Fighting Irish destined for the BCS title game?


Fighting Irish destined for the BCS title game?

From Comcast SportsNetNEW YORK (AP) -- Notre Dame is a victory away from playing for the BCS title. Alabama and Georgia each need two, and could have to go through each other.A day after Oregon and Kansas State lost to give up control of the BCS race, the Fighting Irish (.9973) moved into first place in the standings for the first time."Now we don't have to answer questions about style points or politics," Notre Dame coach Brian Kelly said. "Now we have a chance to play for the national championship this week."Notre Dame (11-0), ranked No. 1 in both polls and by the computer ratings, needs only to beat slumping rival Southern California on Saturday in Los Angeles to earn its first trip to the BCS title game.Alabama (.9333) and Georgia (.8763) also have rivalry games Saturday. The Crimson Tide hosts Auburn and the Bulldogs play Georgia Tech at home.If the favorites win, the Southeastern Conference championship game will be a national semifinal of sorts, with the winner advancing to the BCS title game.If form does not hold, and there are more upsets such as the ones that took out Oregon and Kansas State on Saturday night, there are a handful of teams that could be in the mix.Florida (10-1) is in fourth heading into a huge game at 10th-place Florida State. The Seminoles (10-1) also will have an ACC title game to play.Oregon (10-1) dropped to fifth and Kansas State (10-1) was sixth.Notre Dame, which last won a national championship in 1988, has lost nine of the last 10 against USC, the lone victory coming in 2010, Kelly's first season as coach.But the Trojans have been a major disappointment this season, starting it No. 1 and dropping to 7-4 after losing Saturday to UCLA. They also will be without quarterback Matt Barkley for the matchup with the Fighting Irish. Max Wittek will make his first career start after Barkley was injured at the end of the UCLA game.If Notre Dame loses, it could leave a muddle of one-loss teams vying for a spot in the BCS title game, even opening up the possibility of a second consecutive all-SEC national championship game.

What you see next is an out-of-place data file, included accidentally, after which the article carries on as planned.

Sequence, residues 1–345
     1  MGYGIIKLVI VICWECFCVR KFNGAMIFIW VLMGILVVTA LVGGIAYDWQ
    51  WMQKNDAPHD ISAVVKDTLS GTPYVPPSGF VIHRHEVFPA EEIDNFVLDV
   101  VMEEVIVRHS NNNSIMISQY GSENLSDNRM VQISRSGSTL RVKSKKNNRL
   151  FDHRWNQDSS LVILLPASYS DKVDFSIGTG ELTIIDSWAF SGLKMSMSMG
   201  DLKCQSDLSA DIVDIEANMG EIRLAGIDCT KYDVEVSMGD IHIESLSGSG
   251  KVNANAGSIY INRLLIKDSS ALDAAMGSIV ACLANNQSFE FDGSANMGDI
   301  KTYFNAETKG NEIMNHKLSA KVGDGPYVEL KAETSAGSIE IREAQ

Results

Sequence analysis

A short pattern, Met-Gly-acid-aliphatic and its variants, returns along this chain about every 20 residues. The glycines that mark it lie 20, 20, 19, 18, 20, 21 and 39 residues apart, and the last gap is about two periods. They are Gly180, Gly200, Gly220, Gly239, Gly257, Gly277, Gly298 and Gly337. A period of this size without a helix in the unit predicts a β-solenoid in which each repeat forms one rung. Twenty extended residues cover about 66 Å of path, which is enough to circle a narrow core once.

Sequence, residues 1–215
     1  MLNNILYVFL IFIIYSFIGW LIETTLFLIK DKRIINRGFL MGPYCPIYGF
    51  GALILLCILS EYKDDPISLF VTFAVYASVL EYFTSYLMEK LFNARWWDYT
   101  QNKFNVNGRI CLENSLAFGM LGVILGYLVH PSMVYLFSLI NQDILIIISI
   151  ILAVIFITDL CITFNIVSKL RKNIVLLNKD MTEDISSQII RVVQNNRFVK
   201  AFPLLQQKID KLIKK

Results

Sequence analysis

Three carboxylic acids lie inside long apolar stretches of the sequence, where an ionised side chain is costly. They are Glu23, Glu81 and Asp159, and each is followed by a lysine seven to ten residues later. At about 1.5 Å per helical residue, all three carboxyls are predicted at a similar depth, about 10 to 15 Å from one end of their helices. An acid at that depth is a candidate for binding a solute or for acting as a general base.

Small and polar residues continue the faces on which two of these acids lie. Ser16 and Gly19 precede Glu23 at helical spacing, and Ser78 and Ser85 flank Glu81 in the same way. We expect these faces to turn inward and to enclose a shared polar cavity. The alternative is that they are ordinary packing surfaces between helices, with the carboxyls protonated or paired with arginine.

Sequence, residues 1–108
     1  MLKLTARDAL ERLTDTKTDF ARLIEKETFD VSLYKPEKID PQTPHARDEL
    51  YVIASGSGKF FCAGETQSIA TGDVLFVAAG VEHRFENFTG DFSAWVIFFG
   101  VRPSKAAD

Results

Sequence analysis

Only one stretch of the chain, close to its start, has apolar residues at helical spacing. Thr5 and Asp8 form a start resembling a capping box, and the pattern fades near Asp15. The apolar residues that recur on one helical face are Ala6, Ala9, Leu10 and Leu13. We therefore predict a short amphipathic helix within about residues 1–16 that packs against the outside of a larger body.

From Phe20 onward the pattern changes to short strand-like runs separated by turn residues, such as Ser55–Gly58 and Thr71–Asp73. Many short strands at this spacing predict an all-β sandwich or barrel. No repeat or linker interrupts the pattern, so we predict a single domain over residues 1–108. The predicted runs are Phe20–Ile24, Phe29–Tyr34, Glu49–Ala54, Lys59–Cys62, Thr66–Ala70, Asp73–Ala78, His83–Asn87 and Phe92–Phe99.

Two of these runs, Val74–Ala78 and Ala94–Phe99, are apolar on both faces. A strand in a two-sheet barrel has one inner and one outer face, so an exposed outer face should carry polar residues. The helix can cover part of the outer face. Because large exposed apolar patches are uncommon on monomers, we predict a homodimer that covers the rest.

Brady: Patriots have 'Trump' and 'Clinton' play-calls


Brady: Patriots have 'Trump' and 'Clinton' play-calls

When the Giants took on the Rams in London on Sunday, there was a point early in the second quarter when Eli Manning very clearly made a call at the line of scrimmage that was picked up by nearby broadcast microphones.

"Trump, Trump!" Manning shouted. "Trump, Trump!"

Manning insisted that it was not "Trump" that he was saying, but maybe he simply wanted to try to keep one of his team's calls under wraps for a future opponent.

On Monday morning, Patriots quarterback Tom Brady, whose relationship with Donald Trump has been well-documented, was told about the Giants call on WEEI's Kirk and Callahan Show.

"Oh really?" Brady said. "We got a call like that, too. We got a call. They listen to everything we say. They got the microphones, and they can pretty much hear everything . . . It goes for both teams, but I wish you wouldn't have your whole -- a lot of mechanisms in your offense are based on what you say."